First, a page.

Space porn: These images are (quite literally) out of this world
At the age of 24, Chinese-born Yuja Wang is one of the most exciting concert pianists in the world. Onstage, she cuts an elegant, sometimes provocative figure. Backstage, she’s more like a teenager, noshing snacks and listening to Rihanna on her earphones. But there’s no doubt that Ms. Wang, now a resident of New York, has captivated audiences and critics, from Beijing to Berlin. Her “virtuosity is stunning,” says the New York Times. “An artist of dazzling genius,” raves the San Francisco Chronicle. She’s earned praise for her almost “superhuman keyboard technique,” as well as her sensitivity and fearlessness.
We caught up with the international sensation in Los Angeles, where she performed Prokofiev at the Disney Concert Hall. Afterward, in a Steinway showroom, Wang played for us and spoke with SOUND TRACKS reporter Alexis Bloom about her life as a musical nomad.
Written in 1858 after a trip to Russia, Johann Strauss’ “Tritsch Tratsch Polka” is a jaunty, high-spirited affair and Yuja Wang obviously delights in playing it. Watch her smile at the end. If you’d like to see her perform live, Yuja Wang will be playing this April at Avery Fisher Hall with the New York Philharmonic and in Atlanta with the symphony there. In June she returns to San Francisco, where conductor Michael Tilson Thomas has been one of her strongest supporters.
We knew she was an incredible talent, but watching up close as Yuja Wang performs is another matter. She plays so lightning fast it seems as if we’ve sped up the video. Her technique is dazzling and precise, but it’s equaled by her passion and sensitivity.
In this video, recorded at the Steinway showroom in West Hollywood, Yuja is playing bits of three different pieces by Gluck, Liszt and Scriabin. It’s wonderful to watch her change pace and mood and see the concentration and deep feeling in her expression. At the end, it’ almost as if she emerges from an intense dream, smiling, and telling us, “This piano’s nice.”
Born in Beijing in 1987, Yuja Wang began playing the piano at the age of 6. From a music conservatory in China to the Curtis Institute in Philadelphia, she never stopped, and now she roams the world, playing a demanding schedule of concerts across Europe, Asia and North America. She’s recorded three critically acclaimed albums for Deutsche Grammophon, her most recent is a Grammy nominee. “I’ve been doing this my whole life,” she tells SOUND TRACKS reporter Alexis Bloom. “I can’t really remember anything before the piano.”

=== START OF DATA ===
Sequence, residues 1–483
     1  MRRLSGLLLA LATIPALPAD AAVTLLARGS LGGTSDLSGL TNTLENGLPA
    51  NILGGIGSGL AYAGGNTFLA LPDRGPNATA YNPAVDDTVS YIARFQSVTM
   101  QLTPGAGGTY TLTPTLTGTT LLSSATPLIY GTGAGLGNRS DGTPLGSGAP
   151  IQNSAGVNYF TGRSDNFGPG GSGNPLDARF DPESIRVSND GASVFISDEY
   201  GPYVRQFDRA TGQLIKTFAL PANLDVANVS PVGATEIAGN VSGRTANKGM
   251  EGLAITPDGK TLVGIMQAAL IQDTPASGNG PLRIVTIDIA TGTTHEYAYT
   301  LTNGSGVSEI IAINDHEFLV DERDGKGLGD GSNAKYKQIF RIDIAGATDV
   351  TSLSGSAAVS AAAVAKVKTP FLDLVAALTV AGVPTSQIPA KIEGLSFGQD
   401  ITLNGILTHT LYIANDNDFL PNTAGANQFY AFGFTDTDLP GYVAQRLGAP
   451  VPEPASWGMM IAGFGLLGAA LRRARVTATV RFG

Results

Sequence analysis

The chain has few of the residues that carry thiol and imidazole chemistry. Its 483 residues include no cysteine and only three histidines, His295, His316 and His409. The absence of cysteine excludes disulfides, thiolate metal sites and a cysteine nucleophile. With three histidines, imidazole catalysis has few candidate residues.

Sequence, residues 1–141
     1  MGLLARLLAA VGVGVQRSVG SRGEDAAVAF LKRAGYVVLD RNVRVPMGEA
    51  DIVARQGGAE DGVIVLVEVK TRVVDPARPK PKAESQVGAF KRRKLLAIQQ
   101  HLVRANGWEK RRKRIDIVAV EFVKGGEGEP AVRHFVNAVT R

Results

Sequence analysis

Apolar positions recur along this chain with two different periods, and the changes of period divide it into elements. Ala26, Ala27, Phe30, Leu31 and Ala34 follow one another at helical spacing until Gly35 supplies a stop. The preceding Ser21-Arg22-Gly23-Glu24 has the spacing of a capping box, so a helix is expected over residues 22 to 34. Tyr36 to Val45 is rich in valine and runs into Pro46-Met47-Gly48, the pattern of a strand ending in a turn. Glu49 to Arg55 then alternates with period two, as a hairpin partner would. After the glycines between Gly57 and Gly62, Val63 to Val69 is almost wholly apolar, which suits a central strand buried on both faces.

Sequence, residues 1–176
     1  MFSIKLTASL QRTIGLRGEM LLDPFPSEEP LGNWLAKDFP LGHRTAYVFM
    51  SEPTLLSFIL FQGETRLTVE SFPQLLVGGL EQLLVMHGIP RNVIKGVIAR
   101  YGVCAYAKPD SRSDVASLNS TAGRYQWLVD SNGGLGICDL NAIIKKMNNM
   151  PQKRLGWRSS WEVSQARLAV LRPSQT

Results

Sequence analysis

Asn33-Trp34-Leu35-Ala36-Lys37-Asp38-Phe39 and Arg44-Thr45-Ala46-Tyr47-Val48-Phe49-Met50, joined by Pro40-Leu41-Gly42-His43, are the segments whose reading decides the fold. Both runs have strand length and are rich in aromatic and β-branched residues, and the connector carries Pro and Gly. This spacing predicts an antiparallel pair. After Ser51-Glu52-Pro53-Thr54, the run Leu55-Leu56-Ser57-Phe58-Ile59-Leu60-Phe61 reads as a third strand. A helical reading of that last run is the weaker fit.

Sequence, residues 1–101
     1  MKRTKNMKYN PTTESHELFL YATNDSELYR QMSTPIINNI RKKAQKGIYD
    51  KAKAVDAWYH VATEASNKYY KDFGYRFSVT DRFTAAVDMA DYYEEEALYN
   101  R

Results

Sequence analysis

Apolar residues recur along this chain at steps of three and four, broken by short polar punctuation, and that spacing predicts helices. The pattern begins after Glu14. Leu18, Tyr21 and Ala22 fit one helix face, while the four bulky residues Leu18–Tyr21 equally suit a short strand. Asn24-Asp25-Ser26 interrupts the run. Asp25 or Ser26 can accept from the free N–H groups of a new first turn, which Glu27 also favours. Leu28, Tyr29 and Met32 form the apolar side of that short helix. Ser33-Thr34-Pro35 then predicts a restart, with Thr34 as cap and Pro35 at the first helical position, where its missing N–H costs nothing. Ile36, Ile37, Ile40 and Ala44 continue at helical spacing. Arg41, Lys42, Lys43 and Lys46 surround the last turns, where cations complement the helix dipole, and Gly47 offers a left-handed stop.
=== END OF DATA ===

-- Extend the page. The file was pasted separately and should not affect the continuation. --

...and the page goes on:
So, Yuja Wang is already a veteran, a self-assured and immensely accomplished virtuoso. But she’s also a young woman who travels the world, mostly alone, living in hotels and backstage dressing rooms. Is she ever lonely? “Not really,” she tells us. She’s “more alive” on the road, especially in concerts, plus “I have my BlackBerry, laptop and kindle. I’m all set.”
As you’ll see in her interview, Yuja is a warm, engaging personality with a quick laugh and a candid comment. She can be shy one moment, outspoken the next. When she’s warming up to play Rachmaninoff or Prokofiev, she likes to hear the raw wildness of Rihanna. And she’s made something of a reputation for herself in the classical world as a fashionista, not afraid to wear eye-catching outfits, including that orange dress that set off a wave of commentary last year when she appeared at the Hollywood Bowl. “I’m just being myself,” she says.
As the New York Times critic wrote after Yuja’s Carnegie Hall debut last October, “If you’ve got it, flaunt it. What matters is that Ms. Wang has got it as a pianist.”
NASA astronaut Mike Hopkins
On December 28, 2013, Expedition 38 crew member Mike Hopkins participating in the second of two space walks to replace a degraded pump module on the International Space Station. (NASA astronaut Rick Mastracchio is reflected in his helmet!)
The Soyuz TMA-10M
The Soyuz TMA-10M headed towards the International Space Station with crew members from Expedition 37 onboard.
40 years ago the Apollo 8 mission flew up to the moon, orbited it ten times and then returned to Earth. This picture was taken from that flight and shows the Earth as it seemingly rises in similar fashion to a sunrise.
Sunrise from Expedition 36
NASA Flight Engineer Karen L. Nyberg of Expedition 36 took this photo of the sun rising -- a sight they saw nearly 16 times per day due to the speed of the International Space Station's orbit around the earth.
A pair of NanoRacks CubeSats -- nanosattelite spacecrafts carrying experiments -- were launched by Expedition 38.
Quick Hits, presented in partnership with PBS Arts, showcases the most dynamic sounds from around the globe. Every week, we'll introduce you to a new musician, visit with them in places that inspired their sound, and capture their songs on stage in performances you won't see anyplace else. Produced by The Talbot Players.